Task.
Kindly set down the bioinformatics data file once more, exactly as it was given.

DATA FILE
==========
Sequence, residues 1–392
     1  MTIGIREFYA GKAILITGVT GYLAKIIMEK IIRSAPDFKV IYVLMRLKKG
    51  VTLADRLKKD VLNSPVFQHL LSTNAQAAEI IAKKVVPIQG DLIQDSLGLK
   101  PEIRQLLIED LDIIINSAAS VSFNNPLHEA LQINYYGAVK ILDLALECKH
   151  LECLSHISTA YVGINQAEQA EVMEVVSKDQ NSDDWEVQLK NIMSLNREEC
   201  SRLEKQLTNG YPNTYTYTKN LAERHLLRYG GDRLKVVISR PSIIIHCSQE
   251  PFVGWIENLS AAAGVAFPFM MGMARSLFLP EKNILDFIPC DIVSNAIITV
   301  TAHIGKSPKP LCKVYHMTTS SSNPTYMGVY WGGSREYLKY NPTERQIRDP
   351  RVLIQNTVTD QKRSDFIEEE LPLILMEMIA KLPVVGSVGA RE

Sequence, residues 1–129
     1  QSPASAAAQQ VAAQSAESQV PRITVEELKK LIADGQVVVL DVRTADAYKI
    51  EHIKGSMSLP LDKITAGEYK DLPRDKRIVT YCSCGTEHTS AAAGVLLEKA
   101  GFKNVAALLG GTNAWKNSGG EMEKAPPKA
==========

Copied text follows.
Sequence, residues 1–392
     1  MTIGIREFYA GKAILITGVT GYLAKIIMEK IIRSAPDFKV IYVLMRLKKG
    51  VTLADRLKKD VLNSPVFQHL LSTNAQAAEI IAKKVVPIQG DLIQDSLGLK
   101  PEIRQLLIED LDIIINSAAS VSFNNPLHEA LQINYYGAVK ILDLALECKH
   151  LECLSHISTA YVGINQAEQA EVMEVVSKDQ NSDDWEVQLK NIMSLNREEC
   201  SRLEKQLTNG YPNTYTYTKN LAERHLLRYG GDRLKVVISR PSIIIHCSQE
   251  PFVGWIENLS AAAGVAFPFM MGMARSLFLP EKNILDFIPC DIVSNAIITV
   301  TAHIGKSPKP LCKVYHMTTS SSNPTYMGVY WGGSREYLKY NPTERQIRDP
   351  RVLIQNTVTD QKRSDFIEEE LPLILMEMIA KLPVVGSVGA RE

Sequence, residues 1–129
     1  QSPASAAAQQ VAAQSAESQV PRITVEELKK LIADGQVVVL DVRTADAYKI
    51  EHIKGSMSLP LDKITAGEYK DLPRDKRIVT YCSCGTEHTS AAAGVLLEKA
   101  GFKNVAALLG GTNAWKNSGG EMEKAPPKA